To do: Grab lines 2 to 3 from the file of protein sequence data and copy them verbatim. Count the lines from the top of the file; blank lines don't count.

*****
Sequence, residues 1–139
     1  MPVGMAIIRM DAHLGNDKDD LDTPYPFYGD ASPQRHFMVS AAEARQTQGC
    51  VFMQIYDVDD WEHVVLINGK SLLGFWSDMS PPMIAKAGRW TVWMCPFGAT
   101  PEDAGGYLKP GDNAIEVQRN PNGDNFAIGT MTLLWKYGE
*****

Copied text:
     1  MPVGMAIIRM DAHLGNDKDD LDTPYPFYGD ASPQRHFMVS AAEARQTQGC
    51  VFMQIYDVDD WEHVVLINGK SLLGFWSDMS PPMIAKAGRW TVWMCPFGAT